Raising Capital Sucks
selling
Raising Capital Sucks That’s right. Raising capital is perhaps the most difficult part of building any angel/venture backed business. I stipulate angel or venture backed because there is a misnomer that has grown over the years that every startup needs outside funding. Not so. But for the sake of this topic, we are going to assume the startup does require outside backing.

So why does the fundraising process always come up as the single most despised part of the entrepreneurial journey when we speak to our startup founders? I submit there are several reasons:

1. Most people will not perform this function more than once or twice in an entrepreneurial career, so there aren’t enough “reps” to get really good at it.
2. Raising early stage capital usually means raising from individual investors versus professional (aka “Institutional”) investors. The two sources of capital couldn’t be more different and the approach is almost entirely different. Individuals are generally investing out of personal connection and/or emotion. Institutional investors are rarely investing their own money and the fact that it’s their job makes it more transactional and calculating. Raising from individuals feels emotionally similar to begging or “selling”. No one likes the former, and most people don’t really love the latter.
3. When most elements of the business operations fail, there are ways to recover. When raising capital fails, it impacts everything else including the ability to pay employees, pay for benefits and cover operating costs. In other words, everything is relying on this critical function and that creates sizable pressure on those responsible.

If you are an entrepreneur, you may be nodding your head in agreement with some or all of these three items; and you likely have more to add. But we aren’t here to play a game of Captain Obvious. We are here to find hacks, or ways to improve our odds of success. Or at least not have a breakdown in the process. If you are an investor, one question you may ask yourself is how you can help your portfolio companies climbing this mountain. It’s a contact sport and the more hands from the team helping, the better the odds of success.

We have posted a great deal on fundraising over the years. You can search the AngelMD blog for articles, but here is a recent one with helpful tips. Let me offer a few thoughts, hacks and recaps to get us all on the same page.

Seed Round (or earlier) – Don’t over-think this round. Raise the money from your own network and their network. There are exceptions, but this is generally not a round where you should waste your time pursuing venture capital firms, strategics and family offices. It’s not to say some of these groups don’t play this early. Some do. But they are few and far between and if you don’t already have a relationship, the odds of securing capital are low and the time-suck factor is high. The very best way to extend your personal network is to engage your existing advisors and investors. They want to help and will introduce you to their friends and colleagues if you ask. If they won’t, they are in the wrong space.

Digital: Get your digital storytelling materials dialed in and think digital. We’ll lay out a detailed plan on this later, but here are some high level points:

Social: Social media accounts need to be in place and you have to have a plan on how to use them.

CRM: You should have a CRM. Google Sheets can suffice in the very near term, but something like HubSpot is important sooner versus later.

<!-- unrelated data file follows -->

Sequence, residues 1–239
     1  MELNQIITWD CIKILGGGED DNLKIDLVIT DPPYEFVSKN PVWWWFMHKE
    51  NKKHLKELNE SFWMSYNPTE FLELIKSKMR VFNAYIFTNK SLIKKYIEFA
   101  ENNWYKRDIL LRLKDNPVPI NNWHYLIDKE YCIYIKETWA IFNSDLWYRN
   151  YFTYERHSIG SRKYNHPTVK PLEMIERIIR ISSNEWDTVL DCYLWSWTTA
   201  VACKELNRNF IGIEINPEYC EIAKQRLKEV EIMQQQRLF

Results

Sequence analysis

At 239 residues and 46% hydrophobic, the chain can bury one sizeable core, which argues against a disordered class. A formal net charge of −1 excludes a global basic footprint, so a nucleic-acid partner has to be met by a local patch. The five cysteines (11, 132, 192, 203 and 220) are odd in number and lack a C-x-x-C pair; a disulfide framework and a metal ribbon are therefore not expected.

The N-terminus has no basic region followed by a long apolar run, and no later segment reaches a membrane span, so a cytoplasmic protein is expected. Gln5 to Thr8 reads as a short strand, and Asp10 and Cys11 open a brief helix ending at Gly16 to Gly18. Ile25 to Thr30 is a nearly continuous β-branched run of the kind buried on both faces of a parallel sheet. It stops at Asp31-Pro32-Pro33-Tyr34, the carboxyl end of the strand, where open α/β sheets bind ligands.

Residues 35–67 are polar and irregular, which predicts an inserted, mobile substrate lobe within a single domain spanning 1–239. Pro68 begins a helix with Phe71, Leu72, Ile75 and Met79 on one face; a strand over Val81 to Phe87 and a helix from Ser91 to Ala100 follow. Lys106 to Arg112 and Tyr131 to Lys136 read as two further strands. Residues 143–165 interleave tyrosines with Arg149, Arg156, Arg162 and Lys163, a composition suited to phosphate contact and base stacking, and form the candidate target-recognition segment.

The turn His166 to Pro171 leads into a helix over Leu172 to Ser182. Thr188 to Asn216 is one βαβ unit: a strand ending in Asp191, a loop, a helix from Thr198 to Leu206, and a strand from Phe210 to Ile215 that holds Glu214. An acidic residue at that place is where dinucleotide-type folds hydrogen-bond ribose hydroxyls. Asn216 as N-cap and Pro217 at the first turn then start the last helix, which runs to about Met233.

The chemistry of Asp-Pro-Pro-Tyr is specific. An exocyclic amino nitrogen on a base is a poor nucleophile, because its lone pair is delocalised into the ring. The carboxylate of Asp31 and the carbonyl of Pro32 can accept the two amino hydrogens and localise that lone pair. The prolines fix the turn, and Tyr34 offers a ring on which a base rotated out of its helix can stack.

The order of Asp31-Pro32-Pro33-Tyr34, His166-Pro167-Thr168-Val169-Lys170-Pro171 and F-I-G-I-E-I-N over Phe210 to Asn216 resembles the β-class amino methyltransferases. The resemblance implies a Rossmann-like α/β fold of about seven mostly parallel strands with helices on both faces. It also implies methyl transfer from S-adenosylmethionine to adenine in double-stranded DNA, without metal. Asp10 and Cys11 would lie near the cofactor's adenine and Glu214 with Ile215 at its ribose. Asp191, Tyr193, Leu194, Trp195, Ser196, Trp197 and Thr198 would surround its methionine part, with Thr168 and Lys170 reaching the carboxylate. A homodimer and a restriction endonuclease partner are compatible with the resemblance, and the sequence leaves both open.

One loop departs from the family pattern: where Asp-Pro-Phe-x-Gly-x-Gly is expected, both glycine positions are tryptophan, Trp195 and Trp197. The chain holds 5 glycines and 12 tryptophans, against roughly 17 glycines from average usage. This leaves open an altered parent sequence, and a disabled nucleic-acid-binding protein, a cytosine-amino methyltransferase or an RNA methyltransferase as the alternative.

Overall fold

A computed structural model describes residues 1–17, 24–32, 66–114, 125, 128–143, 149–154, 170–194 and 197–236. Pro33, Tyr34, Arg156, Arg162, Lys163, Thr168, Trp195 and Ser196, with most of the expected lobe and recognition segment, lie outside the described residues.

Deal Room: A virtual deal room with your investment materials is good to have at the ready even if you aren’t ready to raise capital. You can use the room/folder to maintain the current version of various materials and just update here to keep things simple and organized. Moreover, send links, not attachments. You can update the underlying documents in the folder when you can’t do that if you previously sent attachments.

Network: Always be networking. The precursor to this is to Dig Your Well Before You Are Thirsty. If you are going to be an entrepreneur, you are going to be a networker. No exceptions. Get comfortable asking everyone at every event if they have suggestions on people you should talk to about investing, advising etc. Every introduction needs to turn into 2 or 3 more. By the way, virtual is not going to cut it. Get your butt to local events as much as possible and national events here and there. That said, don’t become a conference gad-fly chasing startup pitch awards. One or two is great. More is less.

While we want to use digital tools and processes to build a “funnel”, the phone and in-person meetings are critical to move to action. Investments will not happen over email. You have to text and call. Call and text. Then call and text again. See a pattern here? Yes, you may feel like a nuisance, but those you are connecting with are probably not thinking of you and your venture amongst their top 5 priorities today. They usually appreciate the pursuit and reminders. Not always, but let them tell you that.

These points are more about the process. In a companion post this coming week, I’ll cover “the ask.”. Even if you are reasonably good at the process of creating a pipeline, the ask trips a lot of people up. It trips entrepreneurs up because of embedded fear.

For now, think about the process your startup, or startup you advise/are invest in, has in place to build an investor pipeline. This should be a core project as a team; and everyone has a hand in its success. The process always needs refinement, so build the iteration into your work-flow. Good process and materials will put your team in the top tier from the start.
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